Yarmuth: “I would implore my Republican colleagues to cut out the scare tactics, quit making things up, and debate the substance of this bill”
Bipartisan former IRS commissioners confirm: “for ordinary Americans who already fulfill their tax obligations, audit scrutiny will decline”
WASHINGTON, D.C. – While leading debate on the Inflation Reduction Act of 2022 on the House Floor today, Kentucky Congressman John Yarmuth, Chair of the House Budget Committee, rebuked Republicans for fearmongering and spreading misinformation about the provisions of the Inflation Reduction Act related to the Internal Revenue Service (IRS).
The Inflation Reduction Act invests $80 billion over ten years in the IRS to help the agency have the resources it needs to take on the wealthiest Americans who are using armies of lawyers and accountants to break the law and cheat on their taxes. Estimates suggest that the top 1% of Americans do not pay $160 billion in owed taxes each year. For each additional dollar invested in the IRS, the Treasury Department found an approximately $6 return to American taxpayers.
“IRS has never made any announcement about plans to hire any number of agents,” Yarmuth said, responding to misleading claims made by Republicans about the IRS funding provisions in the Inflation Reduction Act. “This is Republicans making this up to scare the American people… I would implore my Republican colleagues to cut out the scare tactics, quit making things up, and debate the substance of this bill.”
IRS Commissioner Charles Rettig committed to Congress that the resources for the IRS included in the Inflation Reduction Act would not increase audit rates for households making less than $400,000 annually. In a letter this week, Secretary Yellen also directed the IRS not to use any of the new funding allocated in this bill to increase the likelihood that Americans making less than $400,000 each year will get audited.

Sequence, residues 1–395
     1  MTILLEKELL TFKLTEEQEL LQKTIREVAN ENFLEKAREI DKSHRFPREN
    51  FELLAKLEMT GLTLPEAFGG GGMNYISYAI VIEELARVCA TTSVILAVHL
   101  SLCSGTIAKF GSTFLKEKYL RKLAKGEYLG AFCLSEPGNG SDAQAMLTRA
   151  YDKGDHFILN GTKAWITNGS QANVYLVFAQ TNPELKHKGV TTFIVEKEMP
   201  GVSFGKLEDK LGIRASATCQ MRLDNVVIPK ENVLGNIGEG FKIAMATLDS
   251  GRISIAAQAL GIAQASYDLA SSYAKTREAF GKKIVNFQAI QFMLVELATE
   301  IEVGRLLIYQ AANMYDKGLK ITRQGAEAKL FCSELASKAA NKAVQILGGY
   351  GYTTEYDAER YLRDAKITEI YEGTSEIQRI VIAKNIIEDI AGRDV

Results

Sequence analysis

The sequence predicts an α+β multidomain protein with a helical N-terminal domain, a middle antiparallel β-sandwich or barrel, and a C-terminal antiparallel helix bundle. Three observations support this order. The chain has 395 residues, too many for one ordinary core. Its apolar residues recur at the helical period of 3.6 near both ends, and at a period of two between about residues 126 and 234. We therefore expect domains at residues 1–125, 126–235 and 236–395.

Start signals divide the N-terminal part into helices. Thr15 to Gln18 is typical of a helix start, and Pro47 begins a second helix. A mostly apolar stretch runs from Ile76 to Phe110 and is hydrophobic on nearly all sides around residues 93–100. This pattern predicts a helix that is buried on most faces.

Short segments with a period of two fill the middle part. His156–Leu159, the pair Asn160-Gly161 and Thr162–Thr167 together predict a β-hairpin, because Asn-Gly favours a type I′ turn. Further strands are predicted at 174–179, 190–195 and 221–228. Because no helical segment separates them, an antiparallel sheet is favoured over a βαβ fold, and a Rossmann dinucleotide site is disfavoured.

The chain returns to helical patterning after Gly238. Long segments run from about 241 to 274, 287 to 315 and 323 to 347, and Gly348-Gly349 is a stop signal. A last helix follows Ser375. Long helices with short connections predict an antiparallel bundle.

A bipartisan group of former IRS commissioners verified that “for ordinary Americans who already fulfill their tax obligations, audit scrutiny will decline, because the IRS will be better at selecting returns for examination… This bill is about getting to the heart of the problem and pursuing high-end taxpayers and corporations who today illegally evade their tax obligations.”
“It seems to me that Republicans just don’t want people to pay taxes, even if they’re owed,” said Yarmuth, after multiple Republicans continued to share false and misleading information about the IRS provisions in the Inflation Reduction Act. “We know there are hundreds of billions of dollars of owed but not paid taxes in this country every year. And this is an attempt to try and recover some of that money that is owed and is not being paid by taxpayers who are, in many cases, cheating.”
Yarmuth also pointed out that the IRS funding was badly needed to help the IRS better serve taxpayers, cut down on backlogs and wait times, and help bring IRS technology into the 21st century: “A lot of this money is designed to go to help service the legitimate, lawful taxpayers of this country by giving them better service, making the IRS more responsive, and upgrading equipment, which is now 50, 60 years old in some cases,” Yarmuth said. “They can continue with this claim that we’re going to go after taxpayers with armed IRS agents — and I know that Republicans would like to arm every tax agent, as they would like to arm everybody else in this country — but that’s nonsense.”
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